Why would an embroidery digitizer charge to shrink or enlarge designs?

A lot of times customers end up wondering why their service provider will charge them extra for a simple task such as resizing their left chest logo into a jacket back and vice-versa. Fact is, that a task that seems as simple as pushing a few buttons and have the program do the rest actually takes up considerable time and effort, since the design is essentially redigitized.

Yes, while any minor changes in size can be adjusted easily, drastic changes such as turning a 10” jacket size artwork into a 4” chest size version will require complete re-digitization due to a number of factors. Here’s a look into the elements that make this seemingly easy task a job best left to the professionals.

Peek-a-Boo – Of Satin Stitches and Fills

One of the first things a seasoned embroidery digitizer will look into is whether the resizing will require the design to be repunched. This means whether the satin stitches will need to be converted into fills or the other way around.

If you’re looking to achieve an enlarged version of an existing design, special attention needs to be paid whether the satin or column stitch is being stretched beyond a certain width. In case the satin stitch is wide enough for a pencil to fit into the open end of the column, this means the machine is making huge movements and that the embroidery will snag eventually. The only solution here would be to change the satin stitch to a fill for such areas.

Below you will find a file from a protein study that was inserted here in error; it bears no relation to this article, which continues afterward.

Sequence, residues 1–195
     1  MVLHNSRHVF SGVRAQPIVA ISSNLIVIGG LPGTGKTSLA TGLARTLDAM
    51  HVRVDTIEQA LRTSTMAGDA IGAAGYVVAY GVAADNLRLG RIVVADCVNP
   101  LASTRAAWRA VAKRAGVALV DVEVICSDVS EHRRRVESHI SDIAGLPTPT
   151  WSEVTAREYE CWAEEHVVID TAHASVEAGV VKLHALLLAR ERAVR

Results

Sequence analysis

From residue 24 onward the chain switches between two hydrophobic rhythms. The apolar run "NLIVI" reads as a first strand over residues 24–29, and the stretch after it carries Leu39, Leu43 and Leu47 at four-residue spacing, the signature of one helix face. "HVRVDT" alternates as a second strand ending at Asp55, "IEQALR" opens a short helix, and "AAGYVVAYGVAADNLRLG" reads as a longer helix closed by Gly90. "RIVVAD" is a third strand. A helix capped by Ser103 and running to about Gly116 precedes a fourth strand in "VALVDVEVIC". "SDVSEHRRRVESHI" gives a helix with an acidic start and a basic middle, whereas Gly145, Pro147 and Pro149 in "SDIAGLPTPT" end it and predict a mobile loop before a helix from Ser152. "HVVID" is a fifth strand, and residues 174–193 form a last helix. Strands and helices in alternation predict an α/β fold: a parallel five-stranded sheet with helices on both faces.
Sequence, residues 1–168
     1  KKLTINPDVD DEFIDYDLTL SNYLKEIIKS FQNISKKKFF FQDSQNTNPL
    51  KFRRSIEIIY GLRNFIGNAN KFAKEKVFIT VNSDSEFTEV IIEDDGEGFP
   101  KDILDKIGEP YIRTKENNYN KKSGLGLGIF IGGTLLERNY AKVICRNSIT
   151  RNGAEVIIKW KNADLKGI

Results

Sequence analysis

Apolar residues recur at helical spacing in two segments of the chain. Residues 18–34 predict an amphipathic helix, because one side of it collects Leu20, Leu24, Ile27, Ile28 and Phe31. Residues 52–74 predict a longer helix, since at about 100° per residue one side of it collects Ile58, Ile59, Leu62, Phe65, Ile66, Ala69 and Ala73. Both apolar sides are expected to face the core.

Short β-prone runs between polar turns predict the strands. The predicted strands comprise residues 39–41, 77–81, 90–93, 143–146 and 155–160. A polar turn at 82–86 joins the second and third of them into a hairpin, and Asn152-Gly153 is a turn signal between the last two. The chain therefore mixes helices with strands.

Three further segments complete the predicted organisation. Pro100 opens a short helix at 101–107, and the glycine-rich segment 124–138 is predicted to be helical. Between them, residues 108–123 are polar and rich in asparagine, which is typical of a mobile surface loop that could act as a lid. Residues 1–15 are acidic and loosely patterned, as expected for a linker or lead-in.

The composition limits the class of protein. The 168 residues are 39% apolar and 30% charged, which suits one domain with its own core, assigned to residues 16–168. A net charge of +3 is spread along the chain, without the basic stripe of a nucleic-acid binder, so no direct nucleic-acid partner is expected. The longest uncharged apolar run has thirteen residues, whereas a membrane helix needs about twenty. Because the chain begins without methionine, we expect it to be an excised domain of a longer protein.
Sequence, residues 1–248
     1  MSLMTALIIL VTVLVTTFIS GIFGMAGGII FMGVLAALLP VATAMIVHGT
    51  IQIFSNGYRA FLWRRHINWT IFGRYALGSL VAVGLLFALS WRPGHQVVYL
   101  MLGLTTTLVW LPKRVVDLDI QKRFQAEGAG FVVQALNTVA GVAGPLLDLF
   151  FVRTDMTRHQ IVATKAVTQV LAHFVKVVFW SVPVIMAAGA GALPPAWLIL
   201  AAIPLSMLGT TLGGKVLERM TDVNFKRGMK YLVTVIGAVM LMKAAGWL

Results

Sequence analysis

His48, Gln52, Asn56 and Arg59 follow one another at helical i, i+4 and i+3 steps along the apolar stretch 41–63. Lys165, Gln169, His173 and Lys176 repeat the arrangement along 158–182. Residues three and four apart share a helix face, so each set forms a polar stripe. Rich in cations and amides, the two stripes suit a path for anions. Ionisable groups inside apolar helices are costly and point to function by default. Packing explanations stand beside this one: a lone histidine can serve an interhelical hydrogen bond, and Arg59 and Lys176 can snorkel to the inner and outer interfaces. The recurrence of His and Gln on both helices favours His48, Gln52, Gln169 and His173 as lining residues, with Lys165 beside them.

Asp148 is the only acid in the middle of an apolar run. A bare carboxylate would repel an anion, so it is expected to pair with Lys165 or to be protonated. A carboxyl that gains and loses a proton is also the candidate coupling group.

However, when you’re dealing with the opposite situation, that is shrinking a design, one will have to examine whether the fill areas have become too narrow or small. In such a case, fills will have to be replaced with satin stitches. Moreover, for even smaller areas falling below 1.5mm such as outlines, the satin stitch will have to be replaced by running stitches.

Now You See Me, Now You Don’t – The Detailing

An expert embroidery digitizer will also look into the detailing in the design or logo. The issue with detailing is that what seems finely outlined in a smaller design will look quite plain in its larger version. Another setback to watch out for is whether gaps will start to appear between joints and other areas, which were not visible in the original, compact version. Enlarging the design means magnifying the loopholes and errors as well.

Similar kinks need to be worked out when downsizing a design. Certain details can get too tiny to be visible in the compact version. This becomes extremely important when a customer ends up ordering both the small and enlarged version of their design. What needs to be discussed at this point is whether certain elements of the design should be left out completely, so that the smaller and larger versions come out looking exactly the same.

At Powerstitch.com, we are dedicated to educating our customers regarding the intricacies of what an embroidery digitizer does in order to help them get the best value for their money. With over 8 years of professional expertise, you can count on us for impeccably digitized artwork at the most competitive rates, delivered on time, each time.

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